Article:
Two notable laws in California aim to increase equity. Law enforcement officers must inform drivers why they have been stopped before they begin any questioning. Black motorists get pulled over at higher rates, and the new requirement is intended to deter officers from using traffic stops as a means to search vehicles or investigate drivers for other crimes.

The California Highway Patrol also will launch an emergency system, called Ebony Alerts, to notify the public when there are missing Black children and women between the ages of 12 and 25. Proponents said that young Black residents comprise a disproportionate share of people who go missing and that their cases receive less attention in the media.

In Pennsylvania, new laws will add protections for female inmates. The state is banning the shackling and solitary confinement of pregnant incarcerated women, and full-body searches of female inmates by male guards.

At least 20 states with Republican-controlled legislatures passed bans or restrictions on gender transition care for young people in 2023, and changes will go into effect on New Year’s Day in Louisiana and West Virginia.

West Virginia lawmakers carved out exceptions to its law, including allowing minors to get treatment if they have parental consent and a diagnosis of severe gender dysphoria from two doctors. Doctors could also prescribe medical therapy if a minor is considered at risk of self-harm or suicide.

State legislatures have also considered bills related to abortion in the year and a half since the Supreme Court upended Roe v. Wade, but there are few new rules to start 2024.

California will legally shield its doctors when they ship abortion pills or gender-affirming medications to states that have criminalized such procedures. New Jersey pharmacists will be allowed to dispense self-administered hormonal contraceptives to patients without a prescription. Law enforcement officers in Illinois will be prohibited from sharing license plate reader data with other states to protect women coming for an abortion.

In Arkansas, new mothers will be required to undergo screenings for depression, which will be paid for by health insurance providers in the state. Public safety employees in Arkansas who experience a traumatic event while on duty will be provided counseling.

Illinois is prohibiting book bans in libraries, after a year in which many materials were removed from shelves across the country. The law allows state grants only for libraries that adopt the American Library Association’s Library Bill of Rights or those who have a statement rejecting the banning of materials.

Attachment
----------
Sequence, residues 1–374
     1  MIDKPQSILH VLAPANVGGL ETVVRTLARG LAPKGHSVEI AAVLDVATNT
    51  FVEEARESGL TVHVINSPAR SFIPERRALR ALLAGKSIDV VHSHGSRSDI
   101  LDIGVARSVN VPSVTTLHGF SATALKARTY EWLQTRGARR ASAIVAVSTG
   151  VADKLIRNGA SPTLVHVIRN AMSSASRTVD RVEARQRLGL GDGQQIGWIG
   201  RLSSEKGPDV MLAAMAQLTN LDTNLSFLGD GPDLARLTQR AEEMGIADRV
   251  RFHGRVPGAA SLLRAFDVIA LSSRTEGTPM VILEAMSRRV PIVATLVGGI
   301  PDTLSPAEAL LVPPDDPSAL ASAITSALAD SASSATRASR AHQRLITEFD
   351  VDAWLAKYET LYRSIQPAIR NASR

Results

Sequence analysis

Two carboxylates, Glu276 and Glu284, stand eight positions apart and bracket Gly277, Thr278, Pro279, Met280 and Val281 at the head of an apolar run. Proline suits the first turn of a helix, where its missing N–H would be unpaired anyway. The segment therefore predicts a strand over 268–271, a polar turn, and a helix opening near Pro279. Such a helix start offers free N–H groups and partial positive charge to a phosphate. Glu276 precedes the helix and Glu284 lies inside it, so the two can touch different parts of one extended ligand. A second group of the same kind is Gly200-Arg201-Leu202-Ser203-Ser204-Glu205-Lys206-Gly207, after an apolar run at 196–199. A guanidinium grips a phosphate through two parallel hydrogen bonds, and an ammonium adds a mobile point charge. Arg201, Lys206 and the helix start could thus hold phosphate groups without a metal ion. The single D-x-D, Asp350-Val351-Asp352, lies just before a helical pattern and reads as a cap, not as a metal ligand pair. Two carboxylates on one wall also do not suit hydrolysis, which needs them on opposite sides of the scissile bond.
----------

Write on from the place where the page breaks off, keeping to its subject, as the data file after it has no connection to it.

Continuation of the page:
In California, the teaching of cursive writing from first to sixth grades will be mandatory, and media literacy and Asian American history will be added to the curriculum for K-12 students.

Online dating services operating in Connecticut must now have procedures for reporting unwanted behavior and provide safety advice, including warnings about romance scams.

In California, large retailers will be required to provide gender-neutral sections of children’s toys or child care products. Proponents said the law would help reduce gender stereotypes at a young age and prevent price disparities in items marketed for girls. The law does not require gender-neutral clothing sections. Retailers can be fined $250 for the first violation and $500 for subsequent ones.

Telemarketers who don’t follow new rules in New Jersey can be charged with a disorderly persons offense. The state is requiring them to identify, within the first 30 seconds of a call, themselves, whom they’re representing, what they’re selling and a phone number to reach their employer. The law also bans unsolicited sales calls to any customer from 9 p.m. to 8 a.m. It has been referred to as the “Seinfeld law,” after a memorable scene from the 1990s sitcom.

While the law went into effect in December, it might be the best example of state legislative consensus in 2023, having passed 38-0 in the Senate and 74-0 in the General Assembly.